Wear your poppy with…shame?

Ah, yes. It is about 30 years to the day that i was out and about campaigning on the back of that slogan. Well: what else would you expect from a fairly brash, idealistic and, yes, naive pacifist and Young Liberal.

My antidote to the persistent publicity around wearing one’s poppy “with pride”, which i felt tended, perhaps unintendedly, to glorify war.

It was gesture politics – albeit deeply felt. The script, of course, was fairly predictable. I would say something like that in a public statement. The local press (Oxford radio and newspapers) would pick it up and run it as a shock! horror! disrespect piece.

Then some old buffer from the local British Legion would amplify the statement by standing up and dissenting. Sorted!

Except said old buffer didn’t quite play fair. We ended up doing a radio debate. The presenter introduced us and put the question to him: “Should we be wearing our poppies with shame?”

I got ready to leap in. Except his simple response more than took the wind out of my sails: “Yes”, he said. “You have a point”.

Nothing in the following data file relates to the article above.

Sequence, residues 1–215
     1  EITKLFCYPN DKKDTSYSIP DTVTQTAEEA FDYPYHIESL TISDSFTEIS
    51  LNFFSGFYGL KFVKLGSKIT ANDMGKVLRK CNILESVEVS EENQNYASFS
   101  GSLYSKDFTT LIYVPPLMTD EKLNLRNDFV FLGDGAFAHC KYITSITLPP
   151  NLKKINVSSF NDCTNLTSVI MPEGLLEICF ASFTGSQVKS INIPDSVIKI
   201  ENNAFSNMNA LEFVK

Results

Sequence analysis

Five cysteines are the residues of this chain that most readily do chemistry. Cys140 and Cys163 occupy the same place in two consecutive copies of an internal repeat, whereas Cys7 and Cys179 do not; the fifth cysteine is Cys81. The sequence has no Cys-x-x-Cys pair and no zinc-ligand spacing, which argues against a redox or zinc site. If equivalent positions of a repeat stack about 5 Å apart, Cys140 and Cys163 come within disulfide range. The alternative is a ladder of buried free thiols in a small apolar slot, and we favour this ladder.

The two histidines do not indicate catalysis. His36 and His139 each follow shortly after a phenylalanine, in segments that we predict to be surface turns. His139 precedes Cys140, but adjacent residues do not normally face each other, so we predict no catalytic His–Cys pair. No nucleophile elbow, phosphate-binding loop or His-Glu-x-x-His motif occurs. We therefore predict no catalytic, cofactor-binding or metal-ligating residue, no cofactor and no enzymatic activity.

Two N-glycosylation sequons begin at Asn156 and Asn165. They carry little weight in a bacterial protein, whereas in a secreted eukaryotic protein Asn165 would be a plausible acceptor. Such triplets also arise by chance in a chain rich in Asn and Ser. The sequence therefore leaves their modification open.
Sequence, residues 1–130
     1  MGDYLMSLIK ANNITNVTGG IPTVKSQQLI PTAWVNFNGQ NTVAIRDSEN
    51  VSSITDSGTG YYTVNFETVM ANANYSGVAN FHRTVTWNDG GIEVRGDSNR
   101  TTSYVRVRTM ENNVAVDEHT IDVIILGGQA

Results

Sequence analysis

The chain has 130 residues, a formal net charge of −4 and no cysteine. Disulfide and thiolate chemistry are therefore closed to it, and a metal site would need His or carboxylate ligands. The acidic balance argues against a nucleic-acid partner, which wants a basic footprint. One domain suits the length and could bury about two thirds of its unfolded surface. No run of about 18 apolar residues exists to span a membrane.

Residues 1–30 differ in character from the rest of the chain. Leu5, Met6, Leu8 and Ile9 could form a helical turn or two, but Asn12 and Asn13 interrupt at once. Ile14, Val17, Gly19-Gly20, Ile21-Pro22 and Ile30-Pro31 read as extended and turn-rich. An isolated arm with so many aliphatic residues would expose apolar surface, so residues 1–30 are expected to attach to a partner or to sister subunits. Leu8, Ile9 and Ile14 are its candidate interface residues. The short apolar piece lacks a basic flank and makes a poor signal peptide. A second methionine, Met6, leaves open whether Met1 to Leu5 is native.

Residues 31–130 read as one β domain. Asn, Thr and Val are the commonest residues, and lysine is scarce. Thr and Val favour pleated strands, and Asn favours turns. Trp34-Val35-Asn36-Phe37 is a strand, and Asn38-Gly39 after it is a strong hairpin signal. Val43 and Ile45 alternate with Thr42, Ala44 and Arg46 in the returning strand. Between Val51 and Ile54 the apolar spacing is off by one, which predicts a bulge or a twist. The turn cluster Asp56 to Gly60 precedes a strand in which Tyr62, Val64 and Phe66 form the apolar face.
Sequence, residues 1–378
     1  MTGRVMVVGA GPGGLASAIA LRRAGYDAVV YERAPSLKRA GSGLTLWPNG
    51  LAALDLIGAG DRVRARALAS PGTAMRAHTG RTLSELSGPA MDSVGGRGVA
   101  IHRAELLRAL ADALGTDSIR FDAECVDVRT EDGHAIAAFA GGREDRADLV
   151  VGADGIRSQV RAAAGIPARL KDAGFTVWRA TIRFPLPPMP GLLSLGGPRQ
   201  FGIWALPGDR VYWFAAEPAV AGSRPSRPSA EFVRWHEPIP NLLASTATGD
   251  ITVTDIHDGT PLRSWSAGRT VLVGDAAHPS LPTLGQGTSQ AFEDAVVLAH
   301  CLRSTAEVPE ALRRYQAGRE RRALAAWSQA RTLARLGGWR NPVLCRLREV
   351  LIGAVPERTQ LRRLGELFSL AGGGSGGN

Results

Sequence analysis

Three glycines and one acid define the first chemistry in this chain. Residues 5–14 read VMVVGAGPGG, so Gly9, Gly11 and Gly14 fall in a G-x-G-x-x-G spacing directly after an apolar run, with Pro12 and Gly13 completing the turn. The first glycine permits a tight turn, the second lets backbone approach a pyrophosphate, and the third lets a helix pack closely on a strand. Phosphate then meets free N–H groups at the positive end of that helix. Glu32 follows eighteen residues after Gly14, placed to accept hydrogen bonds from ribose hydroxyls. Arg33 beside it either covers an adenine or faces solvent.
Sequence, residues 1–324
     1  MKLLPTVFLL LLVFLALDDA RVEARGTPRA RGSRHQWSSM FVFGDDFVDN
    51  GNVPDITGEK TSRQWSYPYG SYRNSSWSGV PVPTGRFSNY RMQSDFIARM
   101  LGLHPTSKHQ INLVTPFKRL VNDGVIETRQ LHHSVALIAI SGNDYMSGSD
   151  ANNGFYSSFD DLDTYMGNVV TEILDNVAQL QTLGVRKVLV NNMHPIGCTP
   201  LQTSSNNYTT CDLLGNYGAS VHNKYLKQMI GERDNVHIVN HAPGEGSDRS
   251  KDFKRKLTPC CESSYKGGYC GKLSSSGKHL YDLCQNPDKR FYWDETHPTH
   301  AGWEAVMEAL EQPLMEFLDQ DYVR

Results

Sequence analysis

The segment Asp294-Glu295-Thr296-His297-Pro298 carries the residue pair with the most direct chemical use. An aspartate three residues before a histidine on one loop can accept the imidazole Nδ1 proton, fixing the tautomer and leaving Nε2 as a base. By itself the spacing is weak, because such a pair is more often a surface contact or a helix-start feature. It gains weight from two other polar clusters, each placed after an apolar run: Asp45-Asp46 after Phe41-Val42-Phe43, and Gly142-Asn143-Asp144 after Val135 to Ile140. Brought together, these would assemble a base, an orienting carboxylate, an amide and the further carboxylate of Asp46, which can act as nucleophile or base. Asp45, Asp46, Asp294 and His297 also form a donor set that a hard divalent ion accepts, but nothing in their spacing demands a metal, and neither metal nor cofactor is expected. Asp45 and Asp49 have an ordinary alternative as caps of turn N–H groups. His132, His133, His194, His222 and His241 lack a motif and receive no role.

Huh! Foul! That was unexpected.

Although perhaps i should have been a bit more switched on to the possibility of such a response. Over the years since, i have discovered that the Poppy is not quite the simple symbol I once thought it was.

I have become aware of controversy over its origins: veteran disputes; and the emergence of the white poppy in reply.

I have also learnt that those most ardently against war are often those who have experienced it. In the 1980’s, during debate on the Falklands, opposition to going to war came from an interesting crossbench alliance of members who HAD been to war. Who knew what it was to fight and watch their comrades die.

Contrariwise, those most passionate for war and its symbols are often those with the least experience of it. “The white feather” ladies of WWI, handing out their badges of dishonour to the likes of Siegfried Sassoon (who allegedly accepted one feather with thanks, saying it would “go well with his military cross”).

And now, listening to Question Time, to the radio today, there seems to be a new intolerance creeping into the debate. Not just a reaction to the muslim group proclaiming its intent to burn poppies (they have a point…about the crusades…but i think this is absolutely the wrong tactic): but a much wider reclaiming of the poppy by the Right.

Yep. we’re back to “wearing it with pride” – and this time not with the honest pride of those who fought and died, but with a certain nationalist relish. A certain pressure to join in the respect-showing…or else! Hence the FIFA outrage. Hence all manner of public statements by Tory MP’s about how it represents a national value.

Ugh! No it doesn’t. If the poppy means anything, it is universal in its application.

I won’t, nowadays, be found calling on people to wear their poppy with shame: but i do think, out of a sense of decency, politicians should grow up – and butt out. If anyone truly wishes to go public about poppy symbolism, let the veterans do so.